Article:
A nation which despises its soldiers will all too soon have a despicable army.

The depressing fact is that history is remarkably clear on one point: wealthy republics do not last long. Time after time they have risen to wealth and freedom; the citizens become wealthy and sophisticated; unwilling to volunteer to protect themselves, they go to conscription; this too becomes intolerable; and soon enough they turn to mercenaries.


For mercenaries are a dangerous necessity. If they are incompetent, they will ruin you. If they are competent there is always the temptation to rob the paymaster.

Why should they not? They know their employers will not fight. They may, if recruited into a national army, retain loyalty to the country—but if the nation despises them, and takes every possible opportunity to let them know it, then that incentive falls as well—and they have a monopoly on the means of violence. Their employers won’t fight—if they would, they needn’t have hired mercenaries.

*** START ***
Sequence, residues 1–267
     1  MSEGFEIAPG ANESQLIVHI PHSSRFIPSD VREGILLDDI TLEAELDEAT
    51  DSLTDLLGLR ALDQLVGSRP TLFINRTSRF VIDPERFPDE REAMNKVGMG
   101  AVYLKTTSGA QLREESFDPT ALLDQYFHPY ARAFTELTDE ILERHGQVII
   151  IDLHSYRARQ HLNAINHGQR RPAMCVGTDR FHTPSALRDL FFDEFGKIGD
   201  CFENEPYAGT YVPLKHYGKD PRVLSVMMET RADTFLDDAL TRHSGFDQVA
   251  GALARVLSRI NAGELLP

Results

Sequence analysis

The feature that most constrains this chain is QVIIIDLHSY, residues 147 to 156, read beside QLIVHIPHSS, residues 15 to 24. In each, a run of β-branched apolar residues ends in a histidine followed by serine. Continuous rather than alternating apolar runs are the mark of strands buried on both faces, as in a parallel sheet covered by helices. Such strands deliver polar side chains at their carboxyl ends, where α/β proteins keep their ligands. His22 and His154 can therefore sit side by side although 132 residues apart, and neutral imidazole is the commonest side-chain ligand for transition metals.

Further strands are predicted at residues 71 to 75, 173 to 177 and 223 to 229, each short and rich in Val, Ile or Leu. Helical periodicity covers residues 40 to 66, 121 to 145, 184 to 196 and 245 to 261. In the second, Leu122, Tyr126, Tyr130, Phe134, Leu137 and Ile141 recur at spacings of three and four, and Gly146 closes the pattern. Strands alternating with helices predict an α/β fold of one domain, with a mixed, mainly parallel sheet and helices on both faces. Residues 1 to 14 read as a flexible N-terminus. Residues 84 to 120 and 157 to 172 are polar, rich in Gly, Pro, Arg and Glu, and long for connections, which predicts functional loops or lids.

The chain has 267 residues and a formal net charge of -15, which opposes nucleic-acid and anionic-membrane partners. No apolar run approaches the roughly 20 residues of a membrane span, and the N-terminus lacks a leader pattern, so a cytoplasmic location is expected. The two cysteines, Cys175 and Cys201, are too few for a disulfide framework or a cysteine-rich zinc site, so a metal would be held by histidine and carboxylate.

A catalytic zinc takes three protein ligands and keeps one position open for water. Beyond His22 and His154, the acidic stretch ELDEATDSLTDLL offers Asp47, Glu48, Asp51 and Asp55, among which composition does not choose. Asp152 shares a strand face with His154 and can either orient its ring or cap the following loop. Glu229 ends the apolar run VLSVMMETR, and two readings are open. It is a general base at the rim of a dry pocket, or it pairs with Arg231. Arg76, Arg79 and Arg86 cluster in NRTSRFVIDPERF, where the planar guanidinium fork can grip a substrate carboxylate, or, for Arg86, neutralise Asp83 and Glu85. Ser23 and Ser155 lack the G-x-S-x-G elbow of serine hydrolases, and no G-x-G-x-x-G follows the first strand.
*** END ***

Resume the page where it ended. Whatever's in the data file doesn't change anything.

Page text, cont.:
As Montesquieu put it, “a rational army would run away.” To stand on the firing parapet and expose yourself to danger; to stand and fight a thousand miles from home when you’re all alone and outnumbered and probably beaten; to spit on your hands and lower the pike, to stand fast over the body of Leonidas the King, to be rear guard at Kunu-ri; to stand and be still to the Birkenhead drill; these are not rational acts.


On the evidence, peace is a purely theoretical state of affairs whose existence we deduce because there have been intervals between wars.